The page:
It’s a bird! It’s a plane! It’s… a guy with unusually long hair falling out of the sky and crashing head-first into a temple. Oops. This is how you’ll be introduced to everyone’s favorite Dragon. In short, Emperor Fang is an arrogant jerk who goes to a heavenly temple in the skies and demands that the creator of the world, Goddess Clunea, find him the strongest guy in the world so he can kick more ass and take more names. She basically laughs in his face and smacks him down to earth in a weakened state. Now that he’s a ‘fledgling’, a child-beast in the form of a humanoid teen, he’s forced to go through living temples called Titans to find the Goddess again and get his revenge.
After 300+ hours of time spent with the game, I feel I might have the qualifications to give it a score of badass/10. Which means 11. Maybe 11.5. But since I can’t actually score games I’ve worked on (some people might call that cheating), just remember the part where I started yelling at the screen because my favorite character, who is a Golem, started crushing on a loli Mandrake (this is actually a lot less creepy in context… okay, it’s kind of creepy in context too).
As someone who isn’t normally into dungeon crawlers, I wasn’t sure what to expect when playing Unchained Blades. I like fighting and I like dungeons, sure, but being a JRPG fan I love having my fully developed cast of characters and an engaging story even more. I’ve just never felt close to the “create your own character” thing. Or maybe I’m just lazy and don’t feel like picking out my mage’s hair color.
Luckily, this game gave me the best of both worlds. I had the pleasure of playing with an intimate, animated cast with their own goals, personalities, and relationships. When Tiana, a princess of the Phoenix Clan, proclaimed she wanted to turn into a ‘big, spiky dragon’, I wanted to slap her silly and ask what the hell kind of fantasies she was having involving dragons in the middle of the night. When Demon Clan Sylvie awkwardly avoided conversations concerning her mysterious brother Lucius, I wanted to know what thoughts were hiding in the back of her mind. I wasn’t travelling with faces and stats of my own creation; I was travelling with people who had stories to tell, and I was the one meant to discover them.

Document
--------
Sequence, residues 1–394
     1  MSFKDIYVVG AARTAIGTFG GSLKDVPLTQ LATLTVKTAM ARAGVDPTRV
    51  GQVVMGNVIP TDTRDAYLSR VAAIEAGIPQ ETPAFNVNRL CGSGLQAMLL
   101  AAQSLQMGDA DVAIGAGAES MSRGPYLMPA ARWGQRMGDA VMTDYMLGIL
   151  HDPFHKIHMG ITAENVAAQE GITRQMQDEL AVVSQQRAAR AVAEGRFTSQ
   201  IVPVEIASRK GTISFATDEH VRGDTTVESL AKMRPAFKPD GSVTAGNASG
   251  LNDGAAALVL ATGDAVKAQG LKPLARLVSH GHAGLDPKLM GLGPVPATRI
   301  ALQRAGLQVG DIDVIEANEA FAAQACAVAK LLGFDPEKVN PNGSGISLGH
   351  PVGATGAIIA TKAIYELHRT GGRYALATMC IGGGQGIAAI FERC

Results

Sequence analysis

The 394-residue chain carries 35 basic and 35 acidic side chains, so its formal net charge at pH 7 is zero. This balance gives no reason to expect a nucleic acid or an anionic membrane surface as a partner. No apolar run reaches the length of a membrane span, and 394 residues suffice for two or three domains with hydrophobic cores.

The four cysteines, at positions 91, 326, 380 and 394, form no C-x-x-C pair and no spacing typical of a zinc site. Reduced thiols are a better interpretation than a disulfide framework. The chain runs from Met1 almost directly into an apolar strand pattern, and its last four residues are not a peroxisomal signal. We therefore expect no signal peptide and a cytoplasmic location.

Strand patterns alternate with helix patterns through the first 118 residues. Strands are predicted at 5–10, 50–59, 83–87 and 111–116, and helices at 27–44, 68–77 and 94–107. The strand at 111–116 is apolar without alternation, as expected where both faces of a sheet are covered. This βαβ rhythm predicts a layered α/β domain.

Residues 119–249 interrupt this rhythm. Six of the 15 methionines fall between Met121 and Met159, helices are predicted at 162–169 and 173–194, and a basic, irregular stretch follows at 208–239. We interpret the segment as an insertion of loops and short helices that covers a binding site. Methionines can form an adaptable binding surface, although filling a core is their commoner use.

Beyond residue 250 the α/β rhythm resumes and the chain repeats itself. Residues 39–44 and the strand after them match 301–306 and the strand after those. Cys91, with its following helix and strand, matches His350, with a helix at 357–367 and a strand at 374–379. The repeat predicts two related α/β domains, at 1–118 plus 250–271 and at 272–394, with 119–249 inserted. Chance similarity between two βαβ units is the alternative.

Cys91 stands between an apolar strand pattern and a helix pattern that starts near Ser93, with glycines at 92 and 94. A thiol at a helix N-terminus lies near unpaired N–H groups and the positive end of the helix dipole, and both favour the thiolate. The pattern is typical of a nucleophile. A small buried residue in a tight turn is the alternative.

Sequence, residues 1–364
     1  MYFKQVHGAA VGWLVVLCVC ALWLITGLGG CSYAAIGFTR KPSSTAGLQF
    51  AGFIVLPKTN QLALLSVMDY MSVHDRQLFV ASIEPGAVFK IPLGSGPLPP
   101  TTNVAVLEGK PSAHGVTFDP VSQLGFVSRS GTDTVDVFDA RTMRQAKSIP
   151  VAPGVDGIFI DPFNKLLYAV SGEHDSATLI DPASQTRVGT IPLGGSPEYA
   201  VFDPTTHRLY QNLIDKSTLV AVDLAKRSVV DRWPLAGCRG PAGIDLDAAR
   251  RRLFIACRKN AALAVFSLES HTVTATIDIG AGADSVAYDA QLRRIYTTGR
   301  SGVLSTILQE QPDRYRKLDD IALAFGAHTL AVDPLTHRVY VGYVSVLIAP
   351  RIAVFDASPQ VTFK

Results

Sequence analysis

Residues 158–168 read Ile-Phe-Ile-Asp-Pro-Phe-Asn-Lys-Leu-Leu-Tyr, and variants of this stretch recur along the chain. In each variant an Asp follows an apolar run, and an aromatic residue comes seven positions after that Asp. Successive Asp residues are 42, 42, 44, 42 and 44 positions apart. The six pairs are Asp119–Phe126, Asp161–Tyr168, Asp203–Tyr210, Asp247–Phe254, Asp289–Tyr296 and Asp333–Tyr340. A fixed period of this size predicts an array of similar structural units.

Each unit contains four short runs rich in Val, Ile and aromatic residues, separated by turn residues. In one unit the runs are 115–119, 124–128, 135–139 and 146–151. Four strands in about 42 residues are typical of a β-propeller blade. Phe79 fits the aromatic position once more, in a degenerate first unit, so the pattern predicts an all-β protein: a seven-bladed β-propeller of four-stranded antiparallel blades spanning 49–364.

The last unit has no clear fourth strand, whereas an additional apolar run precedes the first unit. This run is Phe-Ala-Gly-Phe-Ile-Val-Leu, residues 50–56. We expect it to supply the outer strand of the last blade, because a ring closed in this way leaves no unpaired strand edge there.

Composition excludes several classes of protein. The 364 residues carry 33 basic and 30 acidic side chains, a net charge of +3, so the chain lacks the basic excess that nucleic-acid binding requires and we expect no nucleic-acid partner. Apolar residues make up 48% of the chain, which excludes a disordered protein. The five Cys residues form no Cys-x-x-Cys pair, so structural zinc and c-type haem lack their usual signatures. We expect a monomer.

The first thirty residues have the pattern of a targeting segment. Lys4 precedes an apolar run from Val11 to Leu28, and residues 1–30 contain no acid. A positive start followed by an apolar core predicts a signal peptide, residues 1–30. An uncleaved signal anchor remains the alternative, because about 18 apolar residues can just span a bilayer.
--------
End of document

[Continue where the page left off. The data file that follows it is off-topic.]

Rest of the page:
I was also worried that the combat would get repetitive, since, you know, it’s not a dungeon crawler if you’re not going through endlessly large dungeons and fighting difficult battles. Unchained Blades takes care of this as well by giving you various types of combat to play with. The first type includes traditional turn-based battles, in which you fight using up to four members of your party by blasting enemies with a series of fast, flashy and furious spells and skills. Along with that, you can charm the pants off of your enemies and bring them to your side so they become Followers, ready to either back you up in a fight (in fact, sixteen of these guys can be brought into battle at a time) or take damage in your place. Another type includes battles where your party is kicked to the curb and your Followers take the stage, fighting in battles presented by pressing a series of buttons on queue. Think DDR, only you’re dancing with your fingers and you might be a lizard instead.
The fully-fledged (get it? Because kids in the game are called fledglings hah) title Unchained Blades hits PSN today for a mere $29.99. Don’t complain, I got like 80 hours out of this game my first time around, not including side quests and a certain epilogue involving a 100-floor tower. Let’s see if you’re strong enough to meet with the Goddess and have a wish or two granted at the end. I bet you’re not. Go on. Prove me wrong.